Spirit of champions drove the ‘Dallas Buyers Club’ script
My emotional attachment to “Dallas Buyers Club” starts with the loss of my father, Buddy. In 1981, he was diagnosed with lymphoma and given six months to live. I observed firsthand the coldness and disconnect of the doctors as well as the limited protocols available. I remember my father’s frustration with the medical system. Instead of accepting his sentence, he asked questions, became proactive and looked into alternative treatments in Mexico. Ultimately, my father lived for five more years. I believe his never-say-die attitude helped him to push through the illness and live longer.
When I met with Ron Woodroof in 1992, Ron exhibited that same never-say-die attitude that I had seen in my father, and I was struck by the parallels in AIDS and cancer. I observed Ron’s frustrations with the medical establishment, lack of available treatments and changing opinions of the so-called, self-anointed experts. Ron became an unlikely champion for a vulnerable population of people who were often desperate and at times incapacitated. He helped those who were unable to help themselves.
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There are times in life when everyone needs champions, and I have been fortunate to have my own during this 20-year journey. In 2000, I met Melisa Wallack and asked her to work on the script with me. I didn’t realize at the time she would become one of my greatest champions. Melisa not only influenced the screenplay in numerous, invaluable ways, but she picked me up in some of my darkest hours of life and helped push the movie forward and ultimately my own character. She would never give up on me or the film.
Her passion inspired my passion. I would not be here without Melisa’s support and writing, and it is with that I was ultimately able to show up and continually reinvest in this powerful story. When wrestling with substance abuse, I found at times that conjuring Ron’s spirit of a never-say-die attitude helped push me to fight harder at my own life.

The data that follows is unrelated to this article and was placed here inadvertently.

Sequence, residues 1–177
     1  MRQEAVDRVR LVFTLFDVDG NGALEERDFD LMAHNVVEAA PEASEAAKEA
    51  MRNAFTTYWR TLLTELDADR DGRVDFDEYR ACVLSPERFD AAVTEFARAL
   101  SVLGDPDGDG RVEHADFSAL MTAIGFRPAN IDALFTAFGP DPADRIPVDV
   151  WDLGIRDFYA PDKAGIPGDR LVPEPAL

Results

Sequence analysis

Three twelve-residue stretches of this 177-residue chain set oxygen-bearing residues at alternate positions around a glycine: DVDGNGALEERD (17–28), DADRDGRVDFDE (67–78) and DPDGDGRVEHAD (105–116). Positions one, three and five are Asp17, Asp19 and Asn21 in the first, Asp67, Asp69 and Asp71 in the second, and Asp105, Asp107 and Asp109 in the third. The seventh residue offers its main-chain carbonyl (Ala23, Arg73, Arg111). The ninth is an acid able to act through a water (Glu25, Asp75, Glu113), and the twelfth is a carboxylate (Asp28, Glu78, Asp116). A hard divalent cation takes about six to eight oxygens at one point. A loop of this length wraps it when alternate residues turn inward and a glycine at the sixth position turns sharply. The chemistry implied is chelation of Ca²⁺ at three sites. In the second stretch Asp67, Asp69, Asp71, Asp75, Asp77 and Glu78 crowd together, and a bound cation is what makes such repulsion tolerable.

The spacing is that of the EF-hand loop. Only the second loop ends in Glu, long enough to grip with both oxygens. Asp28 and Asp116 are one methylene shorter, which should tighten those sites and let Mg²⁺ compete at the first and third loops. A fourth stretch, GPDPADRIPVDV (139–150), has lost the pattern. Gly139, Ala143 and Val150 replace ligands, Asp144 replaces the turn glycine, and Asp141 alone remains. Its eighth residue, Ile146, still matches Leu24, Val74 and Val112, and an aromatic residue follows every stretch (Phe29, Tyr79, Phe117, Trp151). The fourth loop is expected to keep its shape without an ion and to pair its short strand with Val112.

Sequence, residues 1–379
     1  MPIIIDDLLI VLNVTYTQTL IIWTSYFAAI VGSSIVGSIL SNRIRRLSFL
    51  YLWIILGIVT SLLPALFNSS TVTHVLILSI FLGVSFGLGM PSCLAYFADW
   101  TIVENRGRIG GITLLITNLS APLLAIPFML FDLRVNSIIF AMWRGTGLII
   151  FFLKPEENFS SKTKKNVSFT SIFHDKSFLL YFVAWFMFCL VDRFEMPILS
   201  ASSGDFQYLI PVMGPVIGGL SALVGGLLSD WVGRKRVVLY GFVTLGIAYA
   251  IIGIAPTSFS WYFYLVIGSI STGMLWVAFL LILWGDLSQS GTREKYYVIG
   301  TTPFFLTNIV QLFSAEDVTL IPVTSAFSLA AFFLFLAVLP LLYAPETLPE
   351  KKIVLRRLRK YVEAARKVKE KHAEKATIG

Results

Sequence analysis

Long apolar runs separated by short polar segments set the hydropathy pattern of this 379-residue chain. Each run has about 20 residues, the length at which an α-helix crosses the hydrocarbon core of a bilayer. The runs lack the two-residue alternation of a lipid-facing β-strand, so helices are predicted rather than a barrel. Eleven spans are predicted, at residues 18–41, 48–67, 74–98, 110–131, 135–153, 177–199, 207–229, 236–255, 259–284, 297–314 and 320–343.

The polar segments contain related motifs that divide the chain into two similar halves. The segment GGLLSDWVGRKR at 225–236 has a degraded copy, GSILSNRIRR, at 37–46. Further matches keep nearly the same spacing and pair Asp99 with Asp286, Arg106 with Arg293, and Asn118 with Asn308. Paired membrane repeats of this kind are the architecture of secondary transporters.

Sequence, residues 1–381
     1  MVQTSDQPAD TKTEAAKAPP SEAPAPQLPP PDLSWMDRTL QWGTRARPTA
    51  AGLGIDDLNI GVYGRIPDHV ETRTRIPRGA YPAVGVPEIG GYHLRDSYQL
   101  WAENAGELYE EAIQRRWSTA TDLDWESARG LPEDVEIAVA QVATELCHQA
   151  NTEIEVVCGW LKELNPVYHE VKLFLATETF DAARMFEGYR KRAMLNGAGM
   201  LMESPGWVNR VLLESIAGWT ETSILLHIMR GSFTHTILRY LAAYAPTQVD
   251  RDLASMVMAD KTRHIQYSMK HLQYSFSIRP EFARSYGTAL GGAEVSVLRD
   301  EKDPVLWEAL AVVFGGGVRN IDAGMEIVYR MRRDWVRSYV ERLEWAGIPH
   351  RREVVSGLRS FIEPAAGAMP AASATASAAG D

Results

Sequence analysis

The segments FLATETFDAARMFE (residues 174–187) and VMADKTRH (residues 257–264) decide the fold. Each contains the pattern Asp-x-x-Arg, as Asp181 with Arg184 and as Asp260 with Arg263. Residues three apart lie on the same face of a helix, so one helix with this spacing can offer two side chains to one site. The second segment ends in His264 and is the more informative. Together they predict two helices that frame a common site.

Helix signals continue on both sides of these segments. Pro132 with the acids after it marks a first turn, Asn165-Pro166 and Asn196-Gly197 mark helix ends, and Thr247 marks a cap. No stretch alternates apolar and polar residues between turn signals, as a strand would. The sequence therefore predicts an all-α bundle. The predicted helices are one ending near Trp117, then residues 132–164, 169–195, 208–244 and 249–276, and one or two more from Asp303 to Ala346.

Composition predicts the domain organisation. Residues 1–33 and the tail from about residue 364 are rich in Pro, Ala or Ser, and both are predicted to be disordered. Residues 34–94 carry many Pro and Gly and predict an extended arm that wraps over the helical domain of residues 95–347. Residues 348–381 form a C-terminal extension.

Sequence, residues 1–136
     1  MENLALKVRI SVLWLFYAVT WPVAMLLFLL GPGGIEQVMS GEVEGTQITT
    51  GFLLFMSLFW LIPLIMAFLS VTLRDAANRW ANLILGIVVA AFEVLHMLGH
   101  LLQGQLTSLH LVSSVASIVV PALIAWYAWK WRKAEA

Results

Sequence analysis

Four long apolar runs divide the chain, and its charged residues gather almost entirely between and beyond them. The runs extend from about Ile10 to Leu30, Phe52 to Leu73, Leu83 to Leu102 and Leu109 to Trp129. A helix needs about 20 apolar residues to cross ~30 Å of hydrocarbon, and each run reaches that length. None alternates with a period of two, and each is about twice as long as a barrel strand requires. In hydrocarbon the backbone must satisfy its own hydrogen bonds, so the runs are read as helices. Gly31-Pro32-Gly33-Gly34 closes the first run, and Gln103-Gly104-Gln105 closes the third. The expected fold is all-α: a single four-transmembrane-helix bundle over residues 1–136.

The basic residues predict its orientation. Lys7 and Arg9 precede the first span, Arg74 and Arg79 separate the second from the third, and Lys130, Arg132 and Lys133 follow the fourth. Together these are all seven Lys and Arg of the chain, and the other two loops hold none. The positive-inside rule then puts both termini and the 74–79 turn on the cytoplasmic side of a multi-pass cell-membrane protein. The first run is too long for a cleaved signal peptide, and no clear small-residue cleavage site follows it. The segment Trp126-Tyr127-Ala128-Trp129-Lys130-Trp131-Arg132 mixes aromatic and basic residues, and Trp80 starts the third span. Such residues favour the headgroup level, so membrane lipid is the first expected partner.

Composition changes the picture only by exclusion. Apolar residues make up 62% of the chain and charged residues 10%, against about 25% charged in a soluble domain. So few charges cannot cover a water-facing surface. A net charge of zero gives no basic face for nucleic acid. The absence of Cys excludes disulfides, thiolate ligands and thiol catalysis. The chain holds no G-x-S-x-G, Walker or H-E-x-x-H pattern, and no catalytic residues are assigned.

I grew up in an idyllic town outside Minneapolis with my parents and five siblings. We had dinner together almost every night at a huge circular table with a Lazy Susan in the middle. As the center of the table spun around and small hands struggled to grab at the passing food, my father would listen to us recount what we had learned at school that day. One of my most vivid memories of this nightly ritual was my father’s insistence that we tell him how we knew something was true. Who said it? Where did we read it? How did we know it was, in fact, true? It wasn’t until many years later that I understood what my father was doing.
I joined the “Dallas Buyers Club” journey in 2000. Craig and I had recently been introduced, and when he gave me the tapes on Ron Woodroof, I knew that his instincts were right and that he had found a great character and an amazing story. Ron’s struggle to survive, and unwillingness to listen to those in authority who told him he would not, should serve as a wake-up call to everyone. Ron’s sickness awakened him to the politics of AIDS and in more general terms the politics of sickness. What he discovered was an unyielding bureaucratic system that protects corporate profits over the vulnerable sick and dying. Ron’s unwillingness to listen and follow protocol literally kept him alive.
When I think of Ron, I don’t think of a victim of the AIDS epidemic, I think of a hero of our times and someone my father would respect. I think of a man who challenged the system, who took on one of the most powerful establishments in our country and who, through sheer will and perseverance, helped himself and others.
For me, Ron’s story transcends AIDS. It applies to every one of us in every aspect of our lives. It speaks to the danger of becoming passive participants who follow written protocols and so-called experts’ opinions instead of our own instincts. It reminds me of my nightly conversations with my father and his insistence that we distinguish opinion from fact. It reminds me that it is important to be an active member of society and, in the words of Ron Woodroof, that “everyone should ask questions.”
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